In the late 17th century, the Akan people of modern Ghana started to transform their small chiefdom into an empire which they called Ashanti (Ashante or Asante). They expanded their territories by waging war with neighboring peoples and soon captured many prisoners of war. These captives were then sold off to European slave traders who would take them to the plantations in the Americas and West Indies. Starting in the early 18th century, however, the Ashanti Empire started to accept guns in lieu of gold as payment for every slave they sold to European traders. These events are recorded on the Biblical Timeline Poster with World History around this time.
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The Rise of the Ashanti Empire
During the 1670s, groups of Akan people from northern Ghana escaped strife in their homeland and flocked to the fertile region around Kumasi. Two of the most powerful clans that migrated to Kumasi were the Bretuo and the Oyoko. At that time, however, the refugees were forced to submit to the powerful Denkyira nation.To assure the Denkyira of his people’s submission, the Oyoko chief Obiri Yeboa sent his nephew Osei Tutu to live with and serve them.
Osei Tutu served as a shield bearer to Boa Amponsem, the chief of the Denkyira. He later fled to the territory of the Akwamu because of the cruelty of the people he served. He worked for the Akwamu chief and quickly rose to prominence there. He also befriended the priest Okomfo Anokye who soon became his firm ally. His uncle, chief Obiri Yeboa, later died in battle, so Osei Tutu was summoned back to his homeland to rule. He continued the conquests made by his uncle and even subdued other groups of Akan people in the area.
Osei Tutu, with the help of Okomfo Anokye and his Akwamu allies, slowly built the Ashanti kingdom. During the 1690s, Osei Tutu and his people declared their independence from the Denkyira. Full-scale war flared out between the Denkyira and the Ashanti in 1699, but the Ashanti emerged victorious in 1701 in the Battle of Feyiase.
Slaves, Gold, and Guns
In the middle of the 15th century, the first slave ships sailed from Lisbon and docked off the coast of northwestern Africa. The crew then came to land and captured unsuspecting natives which were then sold off as slaves in the markets of Lisbon. The slave trade turned out to be so profitable that Spanish, English, and Dutch ships soon followed Portugal’s lead.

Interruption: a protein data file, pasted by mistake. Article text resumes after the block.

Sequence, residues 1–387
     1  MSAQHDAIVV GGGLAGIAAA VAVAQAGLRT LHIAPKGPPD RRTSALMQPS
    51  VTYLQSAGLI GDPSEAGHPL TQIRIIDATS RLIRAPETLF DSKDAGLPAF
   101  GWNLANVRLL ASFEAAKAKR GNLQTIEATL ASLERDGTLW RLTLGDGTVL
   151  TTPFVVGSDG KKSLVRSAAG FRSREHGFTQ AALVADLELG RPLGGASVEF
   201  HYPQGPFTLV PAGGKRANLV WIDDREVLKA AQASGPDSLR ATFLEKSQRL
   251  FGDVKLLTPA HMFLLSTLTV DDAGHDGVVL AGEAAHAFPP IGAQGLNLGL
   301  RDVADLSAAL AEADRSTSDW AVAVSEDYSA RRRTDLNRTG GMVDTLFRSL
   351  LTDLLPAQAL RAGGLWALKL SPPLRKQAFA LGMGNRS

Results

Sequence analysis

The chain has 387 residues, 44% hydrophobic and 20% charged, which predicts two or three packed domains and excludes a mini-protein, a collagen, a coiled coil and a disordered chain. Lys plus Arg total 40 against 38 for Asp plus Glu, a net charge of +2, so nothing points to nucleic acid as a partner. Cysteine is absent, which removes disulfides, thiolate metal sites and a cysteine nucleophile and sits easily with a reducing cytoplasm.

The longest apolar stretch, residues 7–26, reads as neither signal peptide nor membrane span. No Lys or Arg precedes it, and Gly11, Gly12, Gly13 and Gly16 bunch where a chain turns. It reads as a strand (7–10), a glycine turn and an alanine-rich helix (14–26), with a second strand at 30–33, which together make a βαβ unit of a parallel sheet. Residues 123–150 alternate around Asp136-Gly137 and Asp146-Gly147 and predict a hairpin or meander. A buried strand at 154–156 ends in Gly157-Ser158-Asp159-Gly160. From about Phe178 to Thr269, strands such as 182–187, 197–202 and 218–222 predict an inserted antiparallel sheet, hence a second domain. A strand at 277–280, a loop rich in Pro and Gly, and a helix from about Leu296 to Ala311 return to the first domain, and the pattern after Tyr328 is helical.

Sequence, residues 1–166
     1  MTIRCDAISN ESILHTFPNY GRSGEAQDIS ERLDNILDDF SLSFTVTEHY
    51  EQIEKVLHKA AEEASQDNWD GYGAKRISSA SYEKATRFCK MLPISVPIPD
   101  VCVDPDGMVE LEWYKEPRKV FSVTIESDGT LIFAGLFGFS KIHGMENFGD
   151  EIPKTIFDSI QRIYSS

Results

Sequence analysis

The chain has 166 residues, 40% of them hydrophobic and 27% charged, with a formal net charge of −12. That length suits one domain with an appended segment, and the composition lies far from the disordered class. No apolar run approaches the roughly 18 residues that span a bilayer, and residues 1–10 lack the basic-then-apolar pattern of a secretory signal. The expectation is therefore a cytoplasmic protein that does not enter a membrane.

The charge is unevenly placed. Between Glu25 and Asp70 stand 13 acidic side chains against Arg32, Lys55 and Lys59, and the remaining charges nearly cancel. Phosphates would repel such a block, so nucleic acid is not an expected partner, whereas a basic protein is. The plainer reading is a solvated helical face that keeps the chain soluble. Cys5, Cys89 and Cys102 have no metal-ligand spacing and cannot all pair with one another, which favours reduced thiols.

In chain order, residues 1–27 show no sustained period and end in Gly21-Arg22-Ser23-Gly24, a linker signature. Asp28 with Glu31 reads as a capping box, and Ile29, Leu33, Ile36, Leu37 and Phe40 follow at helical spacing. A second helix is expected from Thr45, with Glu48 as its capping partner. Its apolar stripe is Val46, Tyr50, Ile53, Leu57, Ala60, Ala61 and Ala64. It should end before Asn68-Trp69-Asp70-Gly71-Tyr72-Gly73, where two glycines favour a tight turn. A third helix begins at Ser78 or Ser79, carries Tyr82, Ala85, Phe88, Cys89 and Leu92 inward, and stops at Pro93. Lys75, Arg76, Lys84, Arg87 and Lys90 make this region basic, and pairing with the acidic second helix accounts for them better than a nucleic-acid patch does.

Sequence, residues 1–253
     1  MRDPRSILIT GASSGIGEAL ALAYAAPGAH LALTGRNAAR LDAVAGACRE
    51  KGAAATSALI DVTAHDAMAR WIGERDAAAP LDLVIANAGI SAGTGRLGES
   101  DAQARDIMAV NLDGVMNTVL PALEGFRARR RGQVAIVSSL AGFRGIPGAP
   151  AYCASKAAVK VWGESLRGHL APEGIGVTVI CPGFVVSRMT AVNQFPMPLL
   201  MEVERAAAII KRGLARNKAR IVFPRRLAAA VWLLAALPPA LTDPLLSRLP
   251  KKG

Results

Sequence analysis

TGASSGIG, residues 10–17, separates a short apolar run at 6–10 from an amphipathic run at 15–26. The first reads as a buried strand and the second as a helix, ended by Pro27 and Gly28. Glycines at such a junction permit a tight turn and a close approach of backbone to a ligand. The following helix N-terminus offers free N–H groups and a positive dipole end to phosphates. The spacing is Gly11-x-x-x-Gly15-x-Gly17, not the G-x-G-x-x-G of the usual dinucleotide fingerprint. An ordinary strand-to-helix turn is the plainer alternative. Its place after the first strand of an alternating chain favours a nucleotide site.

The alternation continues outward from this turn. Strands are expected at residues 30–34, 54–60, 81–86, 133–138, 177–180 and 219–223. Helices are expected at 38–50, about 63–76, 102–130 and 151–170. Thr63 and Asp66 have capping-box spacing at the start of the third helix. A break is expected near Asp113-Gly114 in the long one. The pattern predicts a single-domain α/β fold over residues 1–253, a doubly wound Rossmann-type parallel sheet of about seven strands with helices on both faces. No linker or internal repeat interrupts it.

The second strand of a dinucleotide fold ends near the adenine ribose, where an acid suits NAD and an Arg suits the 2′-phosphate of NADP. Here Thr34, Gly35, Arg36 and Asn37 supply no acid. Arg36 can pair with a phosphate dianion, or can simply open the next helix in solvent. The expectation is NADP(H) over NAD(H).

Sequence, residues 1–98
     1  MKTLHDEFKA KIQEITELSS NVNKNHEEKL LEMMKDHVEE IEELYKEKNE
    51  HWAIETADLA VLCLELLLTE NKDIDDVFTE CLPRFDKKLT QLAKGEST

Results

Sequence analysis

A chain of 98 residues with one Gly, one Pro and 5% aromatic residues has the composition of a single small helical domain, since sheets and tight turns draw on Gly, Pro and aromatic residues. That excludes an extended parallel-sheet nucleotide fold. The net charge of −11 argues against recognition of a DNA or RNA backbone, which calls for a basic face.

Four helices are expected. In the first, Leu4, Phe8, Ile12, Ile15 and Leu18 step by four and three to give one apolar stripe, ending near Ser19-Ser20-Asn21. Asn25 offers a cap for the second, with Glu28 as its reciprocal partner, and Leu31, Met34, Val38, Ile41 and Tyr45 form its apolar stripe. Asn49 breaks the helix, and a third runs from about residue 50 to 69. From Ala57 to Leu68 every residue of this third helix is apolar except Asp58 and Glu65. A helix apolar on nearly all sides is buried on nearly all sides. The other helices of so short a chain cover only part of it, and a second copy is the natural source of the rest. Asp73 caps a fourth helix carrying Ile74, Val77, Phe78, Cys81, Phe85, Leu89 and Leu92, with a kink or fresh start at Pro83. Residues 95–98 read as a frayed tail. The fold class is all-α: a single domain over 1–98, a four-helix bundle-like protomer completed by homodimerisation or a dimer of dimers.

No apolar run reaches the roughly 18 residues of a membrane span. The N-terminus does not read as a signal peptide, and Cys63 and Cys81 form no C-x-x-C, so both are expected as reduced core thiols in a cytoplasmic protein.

As the years passed, European trade ships sailed deeper into the coast of western Africa to acquire more slaves and gold. The coast of modern Ghana became one of the chief ports of these trades that it was soon divided into the Gold and Slave Coasts. Dutch slave traders outdid the Portuguese in the 17th century, but they were replaced by the English by the time the Ashanti were building their empire.
The Ashanti’s long-time ally, the Akwamu, were among the first ones to profit from the slave trade with the Europeans. Their captives were almost always prisoners of war, but they were not above to selling Akwamu men who offended the chief. They also kidnapped able-bodied men from other tribes and sold them in the coastal slave markets.
The Ashanti soon joined in the slave trade by kidnapping traveling men or even those who were just working on their farms. They also went to war with neighboring peoples (especially in the Black Volta and savanna regions) not only to expand their territory but also to acquire more slaves which they then sold to Dutch and English traders. This practice had become so profitable that by 1720 the Slave Coast of Ghana had eclipsed the Gold Coast.
A vicious cycle soon emerged from this business. The Ashanti initially accepted gold as payment for slaves, but soon preferred flintlocks, muskets, and gunpowder as payment. With these weapons in hand, Ashanti warriors would then subdue another group of people and sell the captives of war to the European as slaves. By 1730, as much as 180,000 European-made firearms had been shipped to the Slave Coast and handed to the natives.
Harms, Robert W. The Diligent: A Voyage Through the Worlds of the Slave Trade. New York: Basic Books, 2002.
Rodney, Walter. The Cambridge History of Africa: From c. 1600 to c. 1790. Edited by Richard Gray. Vol. 4. Cambridge: Cambridge University Press, 1975.
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